STD Awareness: Trichomoniasis

Trichomonas vaginalis, normally pear-shaped, flattens itself out after attaching to vaginal epithelial cells, maximizing surface area between parasite and host. The purple rod-shaped organisms are bacteria. Image courtesy of Antonio Pereira-Neves and Marlene Benchimol, Santa Ursula University, Rio de Janeiro, Brazil

Trichomonas vaginalis, normally pear-shaped, flattens itself out after attaching to vaginal cells, maximizing surface area between parasite and host. The purple organisms are bacteria. Image: Antonio Pereira-Neves and Marlene Benchimol, Santa Ursula University, Rio de Janeiro, Brazil

Most sexually transmitted diseases are caused by viruses or bacteria. STDs caused by viruses include herpes and genital warts, and the viruses that cause them aren’t even technically living organisms — they are pieces of genetic information that are able to infect a host cell. STDs caused by bacteria include gonorrhea and syphilis; bacteria are microscopic, single-celled organisms with relatively simple cell structures.

But some STDs are caused by other types of living organisms. Protozoan organisms are microscopic and unicellular, like bacteria; unlike bacteria, their cell structures more closely resemble that of the so-called “higher” life forms such as animals and plants. While protozoa are considered to be “animal-like,” they are not animals at all — they are single-celled organisms that reproduce asexually. When certain types of protozoans get into your body, they can cause infections — such as trichomoniasis, the most common curable STD among young females (as well as more females over 40 than previously thought). It is estimated that 7.4 million new cases of trichomoniasis occur annually in the United States; worldwide, there are about 170 million cases each year.

Trichomoniasis, colloquially known as trich, is spread by vaginal or anal intercourse, direct vulva-to-vulva contact, and other activities that involve passing secretions from one partner to another (e.g., sharing sex toys or mutual masturbation). Sexually active people can reduce the risk of contracting trichomoniasis by using latex barriers, such as condoms.

It is common not to have symptoms — up to half of trichomoniasis cases are asymptomatic — but symptoms disproportionally affect females and are very rare in males. When symptomatic, females might experience a vaginal discharge (which may or may not have an unpleasant odor), spotting, and itching or swelling in the genital area. A trichomoniasis infection during pregnancy could increase risk for a preterm birth. A symptomatic male might experience discharge from the urethra. Either sex might experience an increased urge to urinate, along with pain during urination. When symptoms appear, they usually show up within four weeks of infection but can take longer. Symptoms can also go away on their own, but that doesn’t mean you don’t need to seek treatment — you may still be infected.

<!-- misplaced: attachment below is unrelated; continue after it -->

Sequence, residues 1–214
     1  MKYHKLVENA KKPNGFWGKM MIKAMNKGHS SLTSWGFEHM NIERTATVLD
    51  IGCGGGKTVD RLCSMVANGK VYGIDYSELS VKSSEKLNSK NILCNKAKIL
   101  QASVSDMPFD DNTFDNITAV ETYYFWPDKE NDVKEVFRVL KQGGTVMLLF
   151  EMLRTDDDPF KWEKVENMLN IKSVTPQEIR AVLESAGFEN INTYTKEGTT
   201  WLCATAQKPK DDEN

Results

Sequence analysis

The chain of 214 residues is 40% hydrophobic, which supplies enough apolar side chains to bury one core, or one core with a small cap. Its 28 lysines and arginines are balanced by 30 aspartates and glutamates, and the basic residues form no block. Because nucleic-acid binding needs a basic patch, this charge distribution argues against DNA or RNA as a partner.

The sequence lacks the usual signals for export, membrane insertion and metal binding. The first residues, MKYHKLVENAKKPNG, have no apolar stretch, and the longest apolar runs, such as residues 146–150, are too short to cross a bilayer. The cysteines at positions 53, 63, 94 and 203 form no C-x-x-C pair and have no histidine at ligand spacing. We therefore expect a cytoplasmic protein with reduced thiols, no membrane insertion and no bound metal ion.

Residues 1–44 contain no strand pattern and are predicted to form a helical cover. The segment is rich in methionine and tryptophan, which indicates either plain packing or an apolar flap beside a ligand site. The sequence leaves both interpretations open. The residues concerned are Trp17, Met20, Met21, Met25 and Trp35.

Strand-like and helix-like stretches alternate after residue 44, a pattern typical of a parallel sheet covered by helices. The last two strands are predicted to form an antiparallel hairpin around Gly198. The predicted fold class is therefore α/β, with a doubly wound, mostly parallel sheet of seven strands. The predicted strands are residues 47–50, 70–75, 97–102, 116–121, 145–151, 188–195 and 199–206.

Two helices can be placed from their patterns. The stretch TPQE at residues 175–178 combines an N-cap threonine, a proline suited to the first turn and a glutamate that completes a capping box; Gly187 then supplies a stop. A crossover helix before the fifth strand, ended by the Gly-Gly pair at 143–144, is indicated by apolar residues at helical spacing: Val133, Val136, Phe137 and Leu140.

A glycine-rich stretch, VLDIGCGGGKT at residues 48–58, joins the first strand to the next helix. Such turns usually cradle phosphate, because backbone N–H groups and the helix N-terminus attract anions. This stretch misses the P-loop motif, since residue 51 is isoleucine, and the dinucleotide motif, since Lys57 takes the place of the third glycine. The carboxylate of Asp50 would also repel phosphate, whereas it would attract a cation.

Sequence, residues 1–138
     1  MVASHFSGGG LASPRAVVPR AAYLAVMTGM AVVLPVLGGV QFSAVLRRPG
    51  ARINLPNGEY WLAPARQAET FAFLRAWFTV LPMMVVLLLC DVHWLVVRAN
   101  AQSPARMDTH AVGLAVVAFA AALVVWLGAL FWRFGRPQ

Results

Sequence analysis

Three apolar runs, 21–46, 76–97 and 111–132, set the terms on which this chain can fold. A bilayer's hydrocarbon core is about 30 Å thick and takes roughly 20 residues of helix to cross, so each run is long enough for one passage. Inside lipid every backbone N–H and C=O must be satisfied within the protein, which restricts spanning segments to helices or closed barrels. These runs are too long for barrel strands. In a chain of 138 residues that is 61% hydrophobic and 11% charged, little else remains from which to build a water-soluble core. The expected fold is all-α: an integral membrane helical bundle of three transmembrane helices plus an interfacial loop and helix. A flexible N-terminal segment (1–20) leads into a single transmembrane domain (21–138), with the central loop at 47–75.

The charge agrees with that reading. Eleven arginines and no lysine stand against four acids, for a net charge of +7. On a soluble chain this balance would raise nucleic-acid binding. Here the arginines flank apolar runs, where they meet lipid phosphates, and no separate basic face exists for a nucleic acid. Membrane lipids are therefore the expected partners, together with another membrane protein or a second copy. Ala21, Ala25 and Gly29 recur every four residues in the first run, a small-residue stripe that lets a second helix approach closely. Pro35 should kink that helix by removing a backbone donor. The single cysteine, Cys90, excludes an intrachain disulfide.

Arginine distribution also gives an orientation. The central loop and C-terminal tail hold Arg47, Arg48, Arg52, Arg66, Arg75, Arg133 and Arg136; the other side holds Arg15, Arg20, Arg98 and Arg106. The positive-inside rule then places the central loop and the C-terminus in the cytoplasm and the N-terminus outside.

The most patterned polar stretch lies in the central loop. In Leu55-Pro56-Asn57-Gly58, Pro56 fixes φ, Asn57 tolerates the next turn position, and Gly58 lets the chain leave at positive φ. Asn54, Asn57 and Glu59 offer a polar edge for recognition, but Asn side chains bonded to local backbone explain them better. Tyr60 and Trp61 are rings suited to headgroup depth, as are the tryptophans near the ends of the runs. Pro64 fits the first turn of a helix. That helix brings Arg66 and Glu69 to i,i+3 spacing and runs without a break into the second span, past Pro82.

Two trophozoites of Trichomonas vaginalis, the causative agent of trichomoniasis. Image from the CDC’s Parasite Image Library.

Two trophozoites of Trichomonas vaginalis, the causative agent of trichomoniasis. Image: Parasite Image Library, CDC

Trichomoniasis is caused by a protozoan organism called Trichomonas vaginalis, which inhabits the urogenital tract. This organism has flagella to move around and doesn’t need oxygen to survive. It can live in the vagina, urethra, or prostate, but is usually kept in check by bacteria that colonize the urogenital tract. However, if the normal pH is altered, it could lead to an imbalance of the regular urogenital flora and an overpopulation of T. vaginalis.

In order to colonize the urogenital tract, T. vaginalis must be able to adhere to the host’s cells, which it is able to do by producing enzymes that degrade the surfaces of the host’s cells. It is possible that T. vaginalis is unable to produce such enzymes unless triggered to do so by an environment with a sufficiently low pH. After adhering to the surface of a host cell, T. vaginalis is able to stretch its body to maximize the surface area between itself and the cell and can interdigitate some of its appendages with the host cell. The organism also eats bacteria (aiding in the imbalance of urogenital flora), its host cells (such as the epithelial cells in the vagina), and red blood cells (which it consumes for the fat and iron content). The cellular damage caused by the organism brings about inflammation, which is thought to increase the host’s risk for HIV infection. The immune response can also lead to symptoms such as pus and the pain and irritation that can accompany it.

A diagnosis is obtained by performing a pelvic exam on females or a urethral swab on males. If you have a vagina, there are a few things you can do to prepare for your exam that will help you receive an accurate diagnosis: do not douche, do not use any kind of deodorant in your genital area, try not to schedule your appointment during your period, and don’t insert anything into your vagina for 48 hours before your appointment. Those who are diagnosed with trichomoniasis, along with their sexual partners, can be treated with a prescription medication, such as metronidazole or tinidazole. Without treatment, an infected person — even a person without symptoms — can continue to transmit the parasite to other sexual partners.

More information can be found at the CDC’s website. You can seek diagnosis and treatment at a Planned Parenthood health center, as well as other clinics, private health-care providers, and health departments.


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5 thoughts on “STD Awareness: Trichomoniasis

  1. Hmm…it’s apparent that there are more sexual transmittable conditions to be aware of than “the regular” ones. I think I have to start with regular checkups, just like I do with my dentist.

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